Rob Snarski drops new album Sparrow & Swan

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Rob Snarski drops new album Sparrow & Swan

Velvet-voiced troubadour Rob Snarski unveils his brand new album, Sparrow & Swan, and is bringing it to Victoria in mid-June. We chat to Rob ahead of the shows.

Hey Rob, thanks for chatting to Forte! To start, when did you get your start in music?
I started playing music initially with my brother Mark in a band we founded as fledglings called Chad’s Tree, I was 19. I played electric guitar and sang one or two tunes ~ we emerged out of the Perth post-punk scene, moved to Sydney mid-‘80s, recorded our first single ‘Crush The Lily’ then two albums. We played support to everyone from Nico and John Cale, to The Triffids, The Laughing Clowns and The Go-Betweens.

Tell us a bit about the new album?
Sparrow & Swan was recorded at Yikesville Studio in Yarraville [Melbourne] with Shane O’Mara, along with some very fine musicians including Kelly & Jane from Broads, Rebecca Barnard, Kiernan Box [Augie March] Ben Wiesner [The Audreys] and two double bass players Ben Franz and Rosie Westbrook.

As for the songs, I’d been gathering them over the last couple of years, though my writing process changed halfway. I began tuning into conversation ~ shaping songs from late night tales and everyday conversations – footballers, cab drivers, a friend from Northern Ireland who as a teenager ventured off into the night in search of Van Morrison. That’s why the title of the album sounds a little fable-like – Sparrow & Swan – I’m half-sharing the stories of others.

Musically, Sparrow and Swan shows a bit of a shift in style compared to your earlier work, what lead to you to this, kind of, free-form type of sound?
We had a few albums that we’d refer to every so often as we progressed. My main go-to album was Veedon Fleece by Van Morrison. There was something about the piano playing that I particularly loved. Loose, yet delicate, but assured and direct. Clever. I love Astral Weeks also, but who doesn’t?

I’d never written songs that were as wordy, as loquacious… nor as lengthy, I wasn’t sure in some cases that the music needed a defined end or parts as such. There was also a little Cuban tilt – Buena Vista, Mambo Sinuendo, Ruben Gonzalez and some Ry Cooder inspired moments… it’s all in there. I like to say somewhere between Havana and Helsinki, a Cuban cigar with a licorice ice cream.

The album is rich in storytelling and lyricism, who are some of the other songwriters that have inspired your writing?
Van Morrison, David McComb, Paul Kelly, Gareth Liddiard, Guy Garvey, The Handsome Family, Scott Walker – writers who love a narrative. Vivid, cinematic, broad, evocative writers. Gareth Liddiard has lifted the bar for us singer-songwriters – his solo work is unparalleled. Unseen from The Handsome Family is a favourite of mine ~ beautiful stories within, a little unsettling.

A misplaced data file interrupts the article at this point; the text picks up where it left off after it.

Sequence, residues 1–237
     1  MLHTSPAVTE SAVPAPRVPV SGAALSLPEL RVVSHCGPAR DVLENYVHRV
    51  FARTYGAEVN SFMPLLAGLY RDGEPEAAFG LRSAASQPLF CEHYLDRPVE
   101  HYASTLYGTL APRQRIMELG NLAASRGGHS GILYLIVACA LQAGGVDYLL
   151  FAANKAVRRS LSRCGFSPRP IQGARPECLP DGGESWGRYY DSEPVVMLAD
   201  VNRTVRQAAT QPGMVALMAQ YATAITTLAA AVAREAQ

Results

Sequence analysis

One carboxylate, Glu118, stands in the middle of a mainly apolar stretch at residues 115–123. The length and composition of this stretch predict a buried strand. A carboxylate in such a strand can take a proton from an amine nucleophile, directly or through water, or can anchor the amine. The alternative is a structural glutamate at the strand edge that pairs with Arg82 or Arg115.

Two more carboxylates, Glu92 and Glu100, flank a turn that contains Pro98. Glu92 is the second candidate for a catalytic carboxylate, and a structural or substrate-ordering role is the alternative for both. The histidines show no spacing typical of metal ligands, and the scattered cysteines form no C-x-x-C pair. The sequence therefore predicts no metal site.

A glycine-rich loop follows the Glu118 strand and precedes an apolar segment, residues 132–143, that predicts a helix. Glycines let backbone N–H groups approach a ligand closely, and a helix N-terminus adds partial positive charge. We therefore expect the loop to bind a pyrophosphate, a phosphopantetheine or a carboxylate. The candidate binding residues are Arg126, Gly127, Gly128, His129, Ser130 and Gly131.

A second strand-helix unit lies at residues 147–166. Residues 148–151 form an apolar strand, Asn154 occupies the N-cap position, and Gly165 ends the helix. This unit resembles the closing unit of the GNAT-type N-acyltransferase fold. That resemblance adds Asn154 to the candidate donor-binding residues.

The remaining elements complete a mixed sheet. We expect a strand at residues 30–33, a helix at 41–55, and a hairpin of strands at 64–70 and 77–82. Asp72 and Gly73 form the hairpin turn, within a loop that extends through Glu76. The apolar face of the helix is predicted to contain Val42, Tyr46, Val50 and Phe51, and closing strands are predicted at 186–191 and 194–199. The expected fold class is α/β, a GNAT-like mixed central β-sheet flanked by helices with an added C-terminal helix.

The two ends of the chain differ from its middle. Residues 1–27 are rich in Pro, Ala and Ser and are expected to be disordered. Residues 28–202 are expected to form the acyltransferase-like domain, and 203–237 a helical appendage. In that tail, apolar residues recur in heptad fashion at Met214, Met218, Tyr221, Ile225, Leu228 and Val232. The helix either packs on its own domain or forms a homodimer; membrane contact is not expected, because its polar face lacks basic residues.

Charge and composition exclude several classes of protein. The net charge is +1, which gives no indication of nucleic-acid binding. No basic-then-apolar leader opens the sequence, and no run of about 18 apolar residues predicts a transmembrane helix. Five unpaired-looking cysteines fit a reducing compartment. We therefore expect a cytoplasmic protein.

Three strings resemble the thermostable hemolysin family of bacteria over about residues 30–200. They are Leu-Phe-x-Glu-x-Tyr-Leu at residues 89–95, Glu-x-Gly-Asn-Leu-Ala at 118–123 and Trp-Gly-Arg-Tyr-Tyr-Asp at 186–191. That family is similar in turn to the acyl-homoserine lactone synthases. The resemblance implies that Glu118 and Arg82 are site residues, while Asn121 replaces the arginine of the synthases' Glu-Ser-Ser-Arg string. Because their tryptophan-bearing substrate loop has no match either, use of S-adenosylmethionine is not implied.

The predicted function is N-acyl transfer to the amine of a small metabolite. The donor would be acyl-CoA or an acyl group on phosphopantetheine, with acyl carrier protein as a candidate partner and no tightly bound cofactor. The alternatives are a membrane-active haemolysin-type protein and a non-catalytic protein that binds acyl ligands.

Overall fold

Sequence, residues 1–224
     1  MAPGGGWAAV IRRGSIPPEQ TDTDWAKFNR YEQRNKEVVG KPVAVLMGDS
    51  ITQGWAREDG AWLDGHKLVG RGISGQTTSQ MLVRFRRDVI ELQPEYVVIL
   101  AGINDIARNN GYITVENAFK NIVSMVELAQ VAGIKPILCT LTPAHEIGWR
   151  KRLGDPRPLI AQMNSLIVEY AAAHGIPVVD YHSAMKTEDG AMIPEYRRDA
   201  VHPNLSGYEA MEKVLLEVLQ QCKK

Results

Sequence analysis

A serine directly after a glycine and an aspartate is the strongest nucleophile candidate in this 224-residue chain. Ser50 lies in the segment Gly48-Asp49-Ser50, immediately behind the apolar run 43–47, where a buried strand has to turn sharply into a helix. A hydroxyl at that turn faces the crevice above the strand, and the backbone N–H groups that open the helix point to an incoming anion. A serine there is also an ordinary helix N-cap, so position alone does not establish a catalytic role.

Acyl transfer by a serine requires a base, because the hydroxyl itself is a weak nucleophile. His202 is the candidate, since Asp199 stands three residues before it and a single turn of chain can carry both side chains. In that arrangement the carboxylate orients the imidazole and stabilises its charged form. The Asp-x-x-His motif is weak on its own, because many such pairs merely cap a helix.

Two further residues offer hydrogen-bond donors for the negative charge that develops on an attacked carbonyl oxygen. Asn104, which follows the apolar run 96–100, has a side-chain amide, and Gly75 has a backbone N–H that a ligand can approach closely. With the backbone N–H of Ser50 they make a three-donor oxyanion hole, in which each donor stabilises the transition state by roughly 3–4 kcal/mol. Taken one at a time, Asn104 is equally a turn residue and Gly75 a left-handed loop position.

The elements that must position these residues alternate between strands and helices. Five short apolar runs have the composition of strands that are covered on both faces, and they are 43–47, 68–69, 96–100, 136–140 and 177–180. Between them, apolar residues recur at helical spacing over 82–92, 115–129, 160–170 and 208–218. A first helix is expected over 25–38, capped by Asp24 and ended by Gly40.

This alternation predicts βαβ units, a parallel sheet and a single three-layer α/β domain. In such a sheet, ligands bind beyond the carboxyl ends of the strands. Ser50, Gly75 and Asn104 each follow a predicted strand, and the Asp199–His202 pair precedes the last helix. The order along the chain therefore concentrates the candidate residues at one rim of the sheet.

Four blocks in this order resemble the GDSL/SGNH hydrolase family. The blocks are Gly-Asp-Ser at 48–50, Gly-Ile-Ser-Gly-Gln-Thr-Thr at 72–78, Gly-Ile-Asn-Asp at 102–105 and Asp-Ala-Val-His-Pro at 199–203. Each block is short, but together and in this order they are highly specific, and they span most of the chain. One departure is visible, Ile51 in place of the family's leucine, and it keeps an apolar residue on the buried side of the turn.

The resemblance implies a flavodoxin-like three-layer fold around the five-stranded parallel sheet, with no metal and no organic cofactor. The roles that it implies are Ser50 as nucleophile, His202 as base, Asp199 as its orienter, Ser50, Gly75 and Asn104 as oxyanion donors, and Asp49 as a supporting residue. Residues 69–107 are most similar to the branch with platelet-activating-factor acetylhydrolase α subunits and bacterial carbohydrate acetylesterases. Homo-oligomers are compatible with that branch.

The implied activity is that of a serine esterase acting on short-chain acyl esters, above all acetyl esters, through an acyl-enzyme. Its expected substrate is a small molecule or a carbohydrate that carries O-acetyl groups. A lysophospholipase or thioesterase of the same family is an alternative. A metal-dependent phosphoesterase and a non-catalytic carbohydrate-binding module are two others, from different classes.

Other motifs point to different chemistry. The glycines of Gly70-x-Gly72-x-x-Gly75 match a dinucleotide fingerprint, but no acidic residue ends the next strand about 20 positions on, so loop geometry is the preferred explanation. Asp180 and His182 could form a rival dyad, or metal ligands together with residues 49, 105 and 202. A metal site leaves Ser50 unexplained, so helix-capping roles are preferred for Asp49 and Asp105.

Do you have any real-life stories which inspired one of the songs you could tell us about?
“Chasing Van” deals with two Catholic, teenage girls in search of the great Van Morrison at his peak, in Belfast around ‘74. They catch a lift from outside the city with a lorry driver, nervously venture past the peace line [armed by the British Army] and wander into a bar where Van is supposedly performing a secret warm-up gig. The story goes they were found out, spotted – one of the girls was wearing the Miraculous Medal over her sweater. They were then chased down the street by a group of men wielding chains. Chilling. The woman who shared this story insisted I then write a song and share her tale – so I did.

You’ve been playing some shows solo and some with a full band, how does this diversify your set and what do you prefer?
I’ve also been playing shows in duo-mode with Shane O’Mara [guitarist/producer who’s coming on this tour]. Solo is probably the most satisfying from the ego’s point of view. If the song works solo, it works, it’s as simple as that. Yet, the band is the most rewarding ~ the richness of the arrangements and dynamics of the music carry the songs so beautifully, the band adds colour and texture. I’m happy to move from the bare bones of the song in solo mode to the fullness of the band – to mix it up, keep it interesting from my point of view and the listeners.

You’ve already kicked off your album launch tour, how have the shows been so far and what’s the plan for the rest? Is there anywhere you’re really looking forward to?
Melbourne shows have been with the full band – incredible. Adelaide ~ duo, intimate and glorious. Sydney we had Amanda Brown from The Go-Betweens join us [Shane O’Mara & I] for a few tunes – violin and bvs – stunning.
I’ve been inviting musician friends to duet with me in each town we visit too. Juliet Ward in Canberra, Mia Goodwin in Brisbane, Catherine Traicos in Perth but really it’s the crowd that carries each show. The response from an audience can lift your performance, drive and carry the night, push and pull you along.
I look forward to all the shows, to be honest. As my musician colleague Mick Thomas infamously says “Isn’t it great that people still come out to see us play?” True. Even better when the audience is enjoying the new material.

What’s on for the rest of the year?
The Blackeyed Susans are talking about recording a new album with full string arrangements [a big project] and also preparing to celebrate our 30th year anniversary. There’s been talk of a Scott Walker retrospective I may be involved with. Idle hands do the devil’s work some say.

When & Where:
The Bridge Hotel, Castlemaine – June 14
Lost Ones Basement Bar, Ballarat – June 15